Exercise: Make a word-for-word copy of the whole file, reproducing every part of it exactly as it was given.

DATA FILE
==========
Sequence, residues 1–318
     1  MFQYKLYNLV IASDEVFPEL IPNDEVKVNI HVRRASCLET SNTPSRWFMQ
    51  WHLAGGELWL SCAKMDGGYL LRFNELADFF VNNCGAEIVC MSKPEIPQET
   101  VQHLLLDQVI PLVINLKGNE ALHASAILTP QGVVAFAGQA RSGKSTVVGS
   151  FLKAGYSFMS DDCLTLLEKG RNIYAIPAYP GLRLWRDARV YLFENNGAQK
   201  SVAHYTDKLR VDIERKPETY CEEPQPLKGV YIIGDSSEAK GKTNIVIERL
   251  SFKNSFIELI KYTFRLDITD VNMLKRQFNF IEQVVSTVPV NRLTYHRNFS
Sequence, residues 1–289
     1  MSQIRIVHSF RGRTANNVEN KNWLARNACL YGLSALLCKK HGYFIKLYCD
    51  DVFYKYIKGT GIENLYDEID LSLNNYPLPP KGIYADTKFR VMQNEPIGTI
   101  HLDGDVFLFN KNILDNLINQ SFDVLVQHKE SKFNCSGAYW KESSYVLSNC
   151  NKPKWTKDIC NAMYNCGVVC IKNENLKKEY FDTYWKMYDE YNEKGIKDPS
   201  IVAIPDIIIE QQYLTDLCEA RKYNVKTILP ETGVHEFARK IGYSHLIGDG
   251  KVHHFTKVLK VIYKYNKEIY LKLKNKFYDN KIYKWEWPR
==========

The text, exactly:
Sequence, residues 1–318
     1  MFQYKLYNLV IASDEVFPEL IPNDEVKVNI HVRRASCLET SNTPSRWFMQ
    51  WHLAGGELWL SCAKMDGGYL LRFNELADFF VNNCGAEIVC MSKPEIPQET
   101  VQHLLLDQVI PLVINLKGNE ALHASAILTP QGVVAFAGQA RSGKSTVVGS
   151  FLKAGYSFMS DDCLTLLEKG RNIYAIPAYP GLRLWRDARV YLFENNGAQK
   201  SVAHYTDKLR VDIERKPETY CEEPQPLKGV YIIGDSSEAK GKTNIVIERL
   251  SFKNSFIELI KYTFRLDITD VNMLKRQFNF IEQVVSTVPV NRLTYHRNFS
Sequence, residues 1–289
     1  MSQIRIVHSF RGRTANNVEN KNWLARNACL YGLSALLCKK HGYFIKLYCD
    51  DVFYKYIKGT GIENLYDEID LSLNNYPLPP KGIYADTKFR VMQNEPIGTI
   101  HLDGDVFLFN KNILDNLINQ SFDVLVQHKE SKFNCSGAYW KESSYVLSNC
   151  NKPKWTKDIC NAMYNCGVVC IKNENLKKEY FDTYWKMYDE YNEKGIKDPS
   201  IVAIPDIIIE QQYLTDLCEA RKYNVKTILP ETGVHEFARK IGYSHLIGDG
   251  KVHHFTKVLK VIYKYNKEIY LKLKNKFYDN KIYKWEWPR